The US Ambassador to Japan, William Hagerty, has indicated that the United States may ask Japan to pay more for the cost of hosting US troops in the country.
In a speech in Tokyo on Tuesday, Hagerty referred to a recent statement by US President Donald Trump in which he called the Japan-US Security Treaty unfair, and said it has to be changed.
Relatives of Japanese nationals abducted by North Korea have asked the United States to keep pressure on Pyongyang until all the abductees have returned home.
They made the appeal in a meeting in Washington on Friday with Matthew Pottinger, senior director for Asian affairs at the White House National Security Council.
A French prosecutor says French authorities will ask Chile to hand over a national suspected of killing a Japanese university student. He adds the French side plans to convene a trial.
French authorities put Nicolas Zepeda on an international wanted list on suspicion of killing his former girlfriend Narumi Kurosaki. She disappeared in December 2016 while studying in the eastern French city of Besancon. The 28-year-old suspect is now in Chile.
Japan's Defense Minister Takeshi Iwaya says he intends to ask the US military to ensure discipline and order are in place among US forces stationed in Okinawa.
Iwaya spoke to reporters on Tuesday about an apparent murder-suicide in Chatan Town earlier this month. A 32-year-old Marine is believed to have killed his 44-year-old Japanese girlfriend and then taken his own life.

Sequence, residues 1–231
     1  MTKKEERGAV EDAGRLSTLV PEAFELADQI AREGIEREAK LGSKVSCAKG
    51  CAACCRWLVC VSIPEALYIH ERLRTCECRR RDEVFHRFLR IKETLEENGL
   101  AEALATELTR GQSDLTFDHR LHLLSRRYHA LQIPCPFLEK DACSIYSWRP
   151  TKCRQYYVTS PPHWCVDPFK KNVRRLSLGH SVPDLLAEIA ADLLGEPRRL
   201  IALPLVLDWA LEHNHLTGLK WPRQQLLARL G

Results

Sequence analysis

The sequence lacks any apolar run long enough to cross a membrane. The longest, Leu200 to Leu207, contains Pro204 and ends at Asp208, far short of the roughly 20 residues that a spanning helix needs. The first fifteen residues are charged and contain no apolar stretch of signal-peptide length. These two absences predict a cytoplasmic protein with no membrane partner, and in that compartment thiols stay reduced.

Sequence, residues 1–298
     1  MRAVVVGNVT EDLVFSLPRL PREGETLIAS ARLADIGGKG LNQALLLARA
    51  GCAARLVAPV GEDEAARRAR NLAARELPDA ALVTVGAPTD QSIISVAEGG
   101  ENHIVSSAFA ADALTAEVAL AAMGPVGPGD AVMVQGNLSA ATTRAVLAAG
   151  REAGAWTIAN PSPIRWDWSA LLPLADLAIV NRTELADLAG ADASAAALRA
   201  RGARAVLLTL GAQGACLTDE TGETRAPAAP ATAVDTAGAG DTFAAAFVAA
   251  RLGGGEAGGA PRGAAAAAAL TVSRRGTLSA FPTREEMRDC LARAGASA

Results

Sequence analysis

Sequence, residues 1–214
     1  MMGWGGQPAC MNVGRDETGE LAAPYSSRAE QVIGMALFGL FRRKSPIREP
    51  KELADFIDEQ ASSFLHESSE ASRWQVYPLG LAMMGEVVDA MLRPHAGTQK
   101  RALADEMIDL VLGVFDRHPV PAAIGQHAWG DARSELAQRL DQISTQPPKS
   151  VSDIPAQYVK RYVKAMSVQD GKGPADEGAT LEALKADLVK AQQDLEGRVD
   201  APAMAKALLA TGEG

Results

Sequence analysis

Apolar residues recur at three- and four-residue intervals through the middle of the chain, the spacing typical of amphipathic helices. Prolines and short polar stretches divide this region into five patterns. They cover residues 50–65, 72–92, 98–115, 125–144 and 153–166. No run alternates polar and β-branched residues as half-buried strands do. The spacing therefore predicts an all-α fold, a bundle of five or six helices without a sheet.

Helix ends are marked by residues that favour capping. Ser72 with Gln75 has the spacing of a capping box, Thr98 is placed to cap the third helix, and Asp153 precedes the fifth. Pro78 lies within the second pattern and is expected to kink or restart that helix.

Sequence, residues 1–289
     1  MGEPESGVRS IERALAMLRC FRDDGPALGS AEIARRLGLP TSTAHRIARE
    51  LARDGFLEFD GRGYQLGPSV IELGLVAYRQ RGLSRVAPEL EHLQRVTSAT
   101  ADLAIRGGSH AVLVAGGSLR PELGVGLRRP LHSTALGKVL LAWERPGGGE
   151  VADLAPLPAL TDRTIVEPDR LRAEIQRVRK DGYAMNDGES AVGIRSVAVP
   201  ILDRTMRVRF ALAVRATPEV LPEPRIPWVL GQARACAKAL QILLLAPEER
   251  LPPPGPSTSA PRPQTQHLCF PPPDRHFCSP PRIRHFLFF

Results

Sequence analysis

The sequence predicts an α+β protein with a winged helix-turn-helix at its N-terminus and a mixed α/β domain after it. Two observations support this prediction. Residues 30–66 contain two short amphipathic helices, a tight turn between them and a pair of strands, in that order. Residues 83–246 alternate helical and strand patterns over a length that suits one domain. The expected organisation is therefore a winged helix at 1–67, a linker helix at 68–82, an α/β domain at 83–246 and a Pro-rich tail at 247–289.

Prosecutors in Tokyo have asked judges to question the wife of Carlos Ghosn in connection with funds allegedly misappropriated by the former Nissan Motor chairman.
Ghosn was arrested on Thursday for the fourth time on suspicion of aggravated breach of trust involving Nissan funds sent to the automaker's Omani dealership.
Japan's Chief Cabinet Secretary Yoshihide Suga says the government plans to soon ask South Korea for talks based on a 1965 bilateral deal to discuss the recent court-ordered seizure of assets of a Japanese firm.
Suga made the comment on Wednesday after a South Korean district court approved the seizure of assets held in the country by Nippon Steel & Sumitomo Metal.
Reports surrounding a successor of the iconic Honda S2000 have been around for, well, ever since it ceased production in 2009, and it appears that the Japanese manufacturer isn’t completely opposing the idea.
Speaking to Autocar on the sidelines of the 2017 Tokyo Motor Show, the brand's chief, Takahiro Hachigo, said that their engineers are ready to develop a new Honda S2000, but only if there's enough demand from the public.